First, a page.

Watchdog group's filing in DROP case draws fire

Posted: May 05, 2011

Has a good-government watchdog danced too close to a political line?

The Board of Elections has accused the nonpartisan Committee of Seventy of engaging in political activity by weighing in on a court challenge to candidates' nominating petitions.

Election finance and document specialist Tim Dowling has asked Seventy to register as a campaign committee on the grounds that it got involved in an attempt to remove from the ballot candidates enrolled in DROP.

"They engaged in election procedures," said Dowling, citing Seventy's amicus brief in support of lawsuits attempting to remove Councilman Frank Rizzo, Councilwoman Marian Tasco and City Commissioner Marge Tartaglione from the ballot due to their enrollment in the controversial Deferred Retirement Option Plan.

Dowling argued that preparing the brief meant that Seventy had spent money on the case. He has delivered a letter to Seventy asking it to register as a campaign committee.

But Seventy President Zack Stalberg yesterday disagreed with Dowling's interpretation of the law. He said the organization, which is registered as a nonprofit with the IRS, was simply weighing in on DROP and opposing a loophole that has allowed elected officials to enroll in the retirement perk, run for re-election, "retire" for a day to collect pension cash and then return to office.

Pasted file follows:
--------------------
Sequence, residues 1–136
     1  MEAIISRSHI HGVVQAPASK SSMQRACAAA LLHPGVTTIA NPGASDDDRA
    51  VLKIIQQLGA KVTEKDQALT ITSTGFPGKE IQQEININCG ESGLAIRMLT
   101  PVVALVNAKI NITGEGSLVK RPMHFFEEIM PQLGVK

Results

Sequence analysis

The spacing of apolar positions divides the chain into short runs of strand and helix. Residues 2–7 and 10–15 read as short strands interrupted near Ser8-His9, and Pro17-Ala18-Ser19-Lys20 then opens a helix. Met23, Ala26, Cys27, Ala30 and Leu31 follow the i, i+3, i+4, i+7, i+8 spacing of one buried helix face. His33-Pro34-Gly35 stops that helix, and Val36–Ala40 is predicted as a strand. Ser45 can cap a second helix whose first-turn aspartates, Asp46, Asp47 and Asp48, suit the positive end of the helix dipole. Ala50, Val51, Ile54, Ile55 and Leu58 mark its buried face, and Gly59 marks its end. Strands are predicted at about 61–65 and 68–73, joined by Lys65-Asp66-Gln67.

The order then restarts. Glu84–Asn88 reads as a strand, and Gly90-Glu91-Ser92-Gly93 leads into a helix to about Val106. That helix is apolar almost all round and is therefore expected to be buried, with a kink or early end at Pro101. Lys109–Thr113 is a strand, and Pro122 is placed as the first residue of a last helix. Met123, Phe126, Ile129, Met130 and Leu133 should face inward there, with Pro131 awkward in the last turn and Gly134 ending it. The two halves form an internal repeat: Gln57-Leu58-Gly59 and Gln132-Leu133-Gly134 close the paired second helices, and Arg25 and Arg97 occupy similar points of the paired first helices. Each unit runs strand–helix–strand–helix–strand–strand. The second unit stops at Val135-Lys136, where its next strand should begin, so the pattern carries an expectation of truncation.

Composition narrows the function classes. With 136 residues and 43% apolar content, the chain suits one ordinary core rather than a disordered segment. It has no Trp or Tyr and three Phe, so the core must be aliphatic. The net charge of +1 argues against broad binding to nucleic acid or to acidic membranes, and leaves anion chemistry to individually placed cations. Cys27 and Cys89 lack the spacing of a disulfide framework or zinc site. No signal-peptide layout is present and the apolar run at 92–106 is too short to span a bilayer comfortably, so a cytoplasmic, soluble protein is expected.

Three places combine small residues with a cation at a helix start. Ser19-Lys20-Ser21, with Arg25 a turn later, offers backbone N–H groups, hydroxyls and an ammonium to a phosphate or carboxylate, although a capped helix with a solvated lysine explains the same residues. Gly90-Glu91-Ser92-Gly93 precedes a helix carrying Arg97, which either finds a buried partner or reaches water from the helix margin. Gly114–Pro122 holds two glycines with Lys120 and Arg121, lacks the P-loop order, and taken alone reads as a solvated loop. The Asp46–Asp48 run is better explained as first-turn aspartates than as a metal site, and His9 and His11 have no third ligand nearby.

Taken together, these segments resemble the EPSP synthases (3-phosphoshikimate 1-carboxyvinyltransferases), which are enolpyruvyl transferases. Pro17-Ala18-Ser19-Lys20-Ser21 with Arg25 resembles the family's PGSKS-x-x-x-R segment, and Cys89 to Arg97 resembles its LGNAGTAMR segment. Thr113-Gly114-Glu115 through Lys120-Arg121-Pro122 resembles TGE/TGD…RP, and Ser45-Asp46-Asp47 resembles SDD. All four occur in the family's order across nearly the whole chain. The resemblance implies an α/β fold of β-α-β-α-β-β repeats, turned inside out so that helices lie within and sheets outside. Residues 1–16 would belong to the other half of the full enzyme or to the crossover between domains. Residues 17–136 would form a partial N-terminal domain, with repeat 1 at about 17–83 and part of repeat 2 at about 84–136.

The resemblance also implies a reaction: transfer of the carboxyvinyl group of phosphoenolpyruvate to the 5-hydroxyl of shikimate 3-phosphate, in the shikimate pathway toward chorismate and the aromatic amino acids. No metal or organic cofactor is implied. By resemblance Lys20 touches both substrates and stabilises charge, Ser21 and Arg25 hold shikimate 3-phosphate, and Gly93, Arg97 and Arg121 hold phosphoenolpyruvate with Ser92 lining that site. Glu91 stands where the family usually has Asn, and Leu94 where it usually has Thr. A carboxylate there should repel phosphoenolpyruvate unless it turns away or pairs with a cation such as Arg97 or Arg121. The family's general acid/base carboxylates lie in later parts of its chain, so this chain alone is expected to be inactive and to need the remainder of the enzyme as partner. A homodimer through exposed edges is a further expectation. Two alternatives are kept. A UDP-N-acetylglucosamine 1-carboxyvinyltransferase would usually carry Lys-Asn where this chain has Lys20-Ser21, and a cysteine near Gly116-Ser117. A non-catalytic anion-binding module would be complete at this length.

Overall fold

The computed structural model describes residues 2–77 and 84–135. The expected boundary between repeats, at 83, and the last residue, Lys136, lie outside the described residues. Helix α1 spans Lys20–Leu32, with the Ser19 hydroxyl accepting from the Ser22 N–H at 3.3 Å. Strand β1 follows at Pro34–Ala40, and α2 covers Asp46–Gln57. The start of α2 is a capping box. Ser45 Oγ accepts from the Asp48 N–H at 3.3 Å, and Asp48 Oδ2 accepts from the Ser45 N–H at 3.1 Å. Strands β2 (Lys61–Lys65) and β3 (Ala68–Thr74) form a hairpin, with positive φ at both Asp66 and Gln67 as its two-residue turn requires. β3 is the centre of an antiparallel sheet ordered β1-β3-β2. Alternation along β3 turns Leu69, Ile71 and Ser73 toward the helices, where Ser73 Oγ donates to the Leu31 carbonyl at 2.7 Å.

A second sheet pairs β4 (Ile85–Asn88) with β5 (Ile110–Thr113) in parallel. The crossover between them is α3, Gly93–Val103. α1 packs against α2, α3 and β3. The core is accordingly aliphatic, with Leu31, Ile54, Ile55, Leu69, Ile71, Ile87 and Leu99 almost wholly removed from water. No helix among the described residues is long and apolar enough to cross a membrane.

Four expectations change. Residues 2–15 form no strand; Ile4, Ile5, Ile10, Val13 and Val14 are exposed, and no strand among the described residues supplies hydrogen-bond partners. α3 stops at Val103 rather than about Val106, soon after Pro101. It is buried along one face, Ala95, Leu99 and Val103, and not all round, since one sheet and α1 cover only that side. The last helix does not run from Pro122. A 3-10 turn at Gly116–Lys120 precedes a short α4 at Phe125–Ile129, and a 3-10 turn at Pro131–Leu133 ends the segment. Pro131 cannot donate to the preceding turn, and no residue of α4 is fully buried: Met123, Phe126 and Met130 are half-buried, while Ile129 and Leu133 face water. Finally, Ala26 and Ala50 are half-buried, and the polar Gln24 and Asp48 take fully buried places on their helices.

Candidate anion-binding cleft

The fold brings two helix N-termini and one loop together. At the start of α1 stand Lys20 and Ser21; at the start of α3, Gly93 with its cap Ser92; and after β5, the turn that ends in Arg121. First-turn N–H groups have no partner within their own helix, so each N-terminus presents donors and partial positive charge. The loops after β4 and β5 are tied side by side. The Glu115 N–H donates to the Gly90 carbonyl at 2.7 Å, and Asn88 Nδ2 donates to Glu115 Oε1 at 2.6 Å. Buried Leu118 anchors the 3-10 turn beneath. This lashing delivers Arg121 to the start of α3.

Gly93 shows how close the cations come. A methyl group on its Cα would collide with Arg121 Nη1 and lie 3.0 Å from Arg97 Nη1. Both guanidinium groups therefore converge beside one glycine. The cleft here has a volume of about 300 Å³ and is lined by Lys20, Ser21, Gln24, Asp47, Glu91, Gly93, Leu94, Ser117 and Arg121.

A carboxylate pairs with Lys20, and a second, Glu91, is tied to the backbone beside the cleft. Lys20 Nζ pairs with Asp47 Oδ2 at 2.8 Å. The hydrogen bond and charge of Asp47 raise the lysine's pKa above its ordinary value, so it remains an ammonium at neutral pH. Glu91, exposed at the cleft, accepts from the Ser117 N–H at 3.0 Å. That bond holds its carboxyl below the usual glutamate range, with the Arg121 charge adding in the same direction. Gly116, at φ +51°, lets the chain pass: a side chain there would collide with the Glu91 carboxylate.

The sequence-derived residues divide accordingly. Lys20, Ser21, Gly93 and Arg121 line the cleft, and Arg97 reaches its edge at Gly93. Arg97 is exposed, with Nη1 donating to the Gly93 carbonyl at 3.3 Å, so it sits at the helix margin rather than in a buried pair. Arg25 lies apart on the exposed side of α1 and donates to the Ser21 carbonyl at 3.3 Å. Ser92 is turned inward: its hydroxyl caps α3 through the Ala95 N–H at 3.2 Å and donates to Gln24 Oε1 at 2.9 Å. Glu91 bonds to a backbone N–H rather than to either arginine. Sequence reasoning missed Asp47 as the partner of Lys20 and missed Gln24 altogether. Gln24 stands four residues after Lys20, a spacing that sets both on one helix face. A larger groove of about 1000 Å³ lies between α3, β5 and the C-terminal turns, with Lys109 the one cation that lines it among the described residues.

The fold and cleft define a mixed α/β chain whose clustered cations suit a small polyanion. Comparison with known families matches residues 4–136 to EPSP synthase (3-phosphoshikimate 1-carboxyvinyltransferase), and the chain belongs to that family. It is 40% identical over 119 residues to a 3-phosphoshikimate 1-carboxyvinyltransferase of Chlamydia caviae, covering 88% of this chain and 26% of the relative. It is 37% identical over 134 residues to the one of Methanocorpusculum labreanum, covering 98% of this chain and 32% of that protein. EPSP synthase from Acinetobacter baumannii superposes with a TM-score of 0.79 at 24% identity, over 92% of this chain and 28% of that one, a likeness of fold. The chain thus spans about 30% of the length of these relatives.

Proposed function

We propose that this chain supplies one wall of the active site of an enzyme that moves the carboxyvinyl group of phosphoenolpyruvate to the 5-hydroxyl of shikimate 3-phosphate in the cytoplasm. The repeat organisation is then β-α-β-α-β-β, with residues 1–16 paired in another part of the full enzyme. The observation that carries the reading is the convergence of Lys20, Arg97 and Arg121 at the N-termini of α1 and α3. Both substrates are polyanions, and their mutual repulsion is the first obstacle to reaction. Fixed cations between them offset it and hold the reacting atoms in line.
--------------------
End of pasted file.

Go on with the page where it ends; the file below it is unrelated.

"We take positions on all kinds of issues," Stalberg said. "This particular [brief] was not filed to benefit any particular candidate; it was filed because we oppose the city solicitor's ruling that permits some elected officials to resign for 24 hours and return to serve."

Dowling said the Board of Elections lacks enforcement ability on Seventy's actions and would have to refer the issue to the district attorney. He has not made a referral to the district attorney or the state attorney general, he said, but has made the city Board of Ethics aware.

The Board of Ethics' executive director, Shane Creamer, declined to comment.

Seventy has long bumped heads with the city commissioners, who oversee election in Philadelphia.

"It's a good-government organization and I have the sense they would prefer that we didn't take actions in support of good government," Stalberg said.

Dowling said he simply stumbled on this issue while reviewing a document.

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